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Scams Circumvent Chip Cards

Jeremiah Tucker / February 4th, 2016

While chip cards reduce credit card fraud, new scams are proving they won’t completely stop it. You still need to keep your guard up to avoid being the victim of identity theft.

The new EMV cards contain a microchip that generates a new number every time the card is used at a pay terminal, making skimming—stealing the card’s information using an illegitimate card reader—almost impossible.

If you haven't received your chip card from your financial institution yet, according to USA Today, you're vulnerable to opportunistic thieves.

The scam artists send bogus emails posing as the credit card company, claiming they need updated account information or asking the recipient to click on a link to continue the process, according to the Federal Trade Commission (FTC).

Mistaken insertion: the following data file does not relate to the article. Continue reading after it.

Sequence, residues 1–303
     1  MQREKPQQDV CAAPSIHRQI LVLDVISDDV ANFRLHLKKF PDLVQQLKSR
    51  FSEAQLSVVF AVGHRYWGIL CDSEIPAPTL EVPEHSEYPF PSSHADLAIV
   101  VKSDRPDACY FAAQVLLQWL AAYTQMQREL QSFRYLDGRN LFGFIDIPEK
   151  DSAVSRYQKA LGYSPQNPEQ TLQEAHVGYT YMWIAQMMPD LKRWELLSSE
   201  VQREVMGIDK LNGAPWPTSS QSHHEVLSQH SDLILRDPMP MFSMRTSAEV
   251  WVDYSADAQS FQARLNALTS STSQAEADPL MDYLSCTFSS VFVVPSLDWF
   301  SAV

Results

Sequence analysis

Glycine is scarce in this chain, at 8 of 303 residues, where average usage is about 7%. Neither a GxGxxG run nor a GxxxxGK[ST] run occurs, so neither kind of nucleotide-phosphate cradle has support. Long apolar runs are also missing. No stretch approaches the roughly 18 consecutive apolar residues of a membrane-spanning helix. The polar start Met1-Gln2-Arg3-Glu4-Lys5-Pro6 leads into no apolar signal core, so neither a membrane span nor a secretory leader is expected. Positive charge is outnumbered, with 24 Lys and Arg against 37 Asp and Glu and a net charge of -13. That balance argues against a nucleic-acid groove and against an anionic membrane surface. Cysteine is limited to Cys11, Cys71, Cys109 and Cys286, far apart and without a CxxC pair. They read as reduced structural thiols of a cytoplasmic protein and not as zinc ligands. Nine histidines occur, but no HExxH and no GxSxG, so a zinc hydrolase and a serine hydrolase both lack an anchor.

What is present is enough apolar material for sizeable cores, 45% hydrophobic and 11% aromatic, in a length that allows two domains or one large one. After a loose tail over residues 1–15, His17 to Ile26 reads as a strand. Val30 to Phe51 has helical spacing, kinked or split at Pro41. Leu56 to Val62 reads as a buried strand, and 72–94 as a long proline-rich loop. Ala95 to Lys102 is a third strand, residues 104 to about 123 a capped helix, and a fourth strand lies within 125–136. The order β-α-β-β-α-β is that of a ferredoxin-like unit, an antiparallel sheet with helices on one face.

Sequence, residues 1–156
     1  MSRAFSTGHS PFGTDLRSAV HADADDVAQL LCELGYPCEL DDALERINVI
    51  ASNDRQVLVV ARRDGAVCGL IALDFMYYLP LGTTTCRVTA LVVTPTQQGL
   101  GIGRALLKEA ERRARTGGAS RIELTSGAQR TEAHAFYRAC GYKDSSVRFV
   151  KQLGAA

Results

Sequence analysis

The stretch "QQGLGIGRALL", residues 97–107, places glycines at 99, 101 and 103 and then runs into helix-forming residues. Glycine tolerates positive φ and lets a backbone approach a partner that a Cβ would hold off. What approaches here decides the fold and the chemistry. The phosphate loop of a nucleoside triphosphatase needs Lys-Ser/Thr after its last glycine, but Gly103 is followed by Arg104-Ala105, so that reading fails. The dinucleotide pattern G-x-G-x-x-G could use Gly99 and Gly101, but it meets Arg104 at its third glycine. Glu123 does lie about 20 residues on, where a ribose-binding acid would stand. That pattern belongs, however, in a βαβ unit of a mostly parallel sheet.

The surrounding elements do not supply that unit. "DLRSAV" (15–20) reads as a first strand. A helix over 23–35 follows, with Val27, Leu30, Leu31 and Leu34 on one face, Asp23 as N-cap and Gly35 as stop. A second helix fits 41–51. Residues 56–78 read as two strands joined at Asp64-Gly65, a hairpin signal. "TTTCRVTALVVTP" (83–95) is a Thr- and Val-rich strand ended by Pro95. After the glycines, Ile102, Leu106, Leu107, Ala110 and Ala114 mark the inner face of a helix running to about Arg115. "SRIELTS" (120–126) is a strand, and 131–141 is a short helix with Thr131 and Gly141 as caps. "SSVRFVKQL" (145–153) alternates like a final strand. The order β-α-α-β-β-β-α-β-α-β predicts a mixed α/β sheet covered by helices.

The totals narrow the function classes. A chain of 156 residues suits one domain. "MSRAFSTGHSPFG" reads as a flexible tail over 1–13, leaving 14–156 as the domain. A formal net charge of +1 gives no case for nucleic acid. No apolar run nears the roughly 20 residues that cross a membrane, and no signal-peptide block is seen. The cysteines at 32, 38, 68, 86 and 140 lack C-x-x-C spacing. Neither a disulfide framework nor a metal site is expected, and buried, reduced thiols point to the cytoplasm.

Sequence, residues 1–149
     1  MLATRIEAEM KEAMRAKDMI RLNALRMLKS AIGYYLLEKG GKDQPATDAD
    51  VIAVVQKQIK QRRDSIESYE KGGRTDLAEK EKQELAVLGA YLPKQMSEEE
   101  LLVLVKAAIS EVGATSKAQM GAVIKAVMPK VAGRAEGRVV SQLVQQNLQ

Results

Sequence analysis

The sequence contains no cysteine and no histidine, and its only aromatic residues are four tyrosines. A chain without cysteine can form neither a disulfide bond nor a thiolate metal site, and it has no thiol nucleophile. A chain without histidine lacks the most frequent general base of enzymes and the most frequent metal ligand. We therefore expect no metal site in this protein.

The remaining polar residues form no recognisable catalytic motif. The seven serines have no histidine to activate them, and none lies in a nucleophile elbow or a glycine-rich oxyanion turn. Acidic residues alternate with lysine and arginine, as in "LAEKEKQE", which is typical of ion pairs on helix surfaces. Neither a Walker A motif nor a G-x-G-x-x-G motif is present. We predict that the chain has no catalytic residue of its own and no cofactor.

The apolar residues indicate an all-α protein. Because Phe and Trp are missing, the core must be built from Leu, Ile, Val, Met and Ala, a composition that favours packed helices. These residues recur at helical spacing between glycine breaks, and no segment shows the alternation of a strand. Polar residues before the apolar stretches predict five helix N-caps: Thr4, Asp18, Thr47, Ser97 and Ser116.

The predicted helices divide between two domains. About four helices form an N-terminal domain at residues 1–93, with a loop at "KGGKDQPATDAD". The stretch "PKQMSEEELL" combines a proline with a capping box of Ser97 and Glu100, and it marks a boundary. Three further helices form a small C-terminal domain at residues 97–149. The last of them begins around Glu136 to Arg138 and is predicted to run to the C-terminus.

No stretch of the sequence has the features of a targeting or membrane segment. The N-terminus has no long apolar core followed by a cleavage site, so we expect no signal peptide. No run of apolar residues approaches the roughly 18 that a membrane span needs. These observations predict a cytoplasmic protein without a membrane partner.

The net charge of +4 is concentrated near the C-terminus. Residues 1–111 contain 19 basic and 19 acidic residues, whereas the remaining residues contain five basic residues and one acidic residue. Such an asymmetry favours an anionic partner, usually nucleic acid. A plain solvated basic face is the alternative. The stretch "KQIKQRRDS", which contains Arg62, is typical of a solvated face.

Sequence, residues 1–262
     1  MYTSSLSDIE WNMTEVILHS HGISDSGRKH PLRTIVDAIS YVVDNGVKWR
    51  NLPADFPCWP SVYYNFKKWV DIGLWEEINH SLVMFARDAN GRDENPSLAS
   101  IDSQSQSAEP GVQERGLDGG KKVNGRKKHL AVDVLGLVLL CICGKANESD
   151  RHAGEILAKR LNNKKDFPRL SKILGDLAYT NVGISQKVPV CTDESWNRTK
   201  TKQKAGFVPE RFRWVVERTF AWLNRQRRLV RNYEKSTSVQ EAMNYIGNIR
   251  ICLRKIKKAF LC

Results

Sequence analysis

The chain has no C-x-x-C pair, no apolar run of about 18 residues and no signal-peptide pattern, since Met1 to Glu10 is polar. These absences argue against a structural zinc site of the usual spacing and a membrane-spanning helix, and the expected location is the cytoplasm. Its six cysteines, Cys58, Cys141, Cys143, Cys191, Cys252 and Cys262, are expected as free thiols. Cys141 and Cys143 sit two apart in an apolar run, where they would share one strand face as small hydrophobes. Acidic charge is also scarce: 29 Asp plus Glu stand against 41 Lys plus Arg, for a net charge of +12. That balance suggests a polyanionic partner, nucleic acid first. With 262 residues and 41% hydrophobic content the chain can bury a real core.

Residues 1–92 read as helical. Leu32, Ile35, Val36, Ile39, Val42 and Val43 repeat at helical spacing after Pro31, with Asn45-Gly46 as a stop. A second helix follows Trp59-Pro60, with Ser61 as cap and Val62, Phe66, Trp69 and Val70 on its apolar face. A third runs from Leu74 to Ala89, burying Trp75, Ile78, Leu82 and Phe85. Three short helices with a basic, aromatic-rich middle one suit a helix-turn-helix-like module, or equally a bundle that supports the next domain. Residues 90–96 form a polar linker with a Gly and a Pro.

Performing either of those actions will expose you to risk, giving the scammers access to information they can use to hijack your identity or install malware on your computer that could provide them with your passwords and financial information.

The FTC said in a blog post about this scam: “There’s no reason your card issuer needs to contact you by email—or by phone, for that matter—to confirm personal information before sending you a new chip card.”

To identify a fake email, look for these tell-tale signs:

  • A fishy email address. If it looks overly long or otherwise clearly not associated with your credit card issuer, then delete.
  • A generic salutation. Does the email begin with “Dear Customer” and appear to know very little about you? Most legitimate emails include the last four digits of your credit card number.
  • A suspicious link to your account. Never click on a link in an email—it’s safer to just go to your account login manually using a bookmark or typing the URL.

If you have any questions about your card, call the 800-number on the back. And while the new EMV cards are safer—they’re not perfect. Even if you’ve already received your EMV cards, it’s still important to check your account often, and report any unusual activity to your card issuer.

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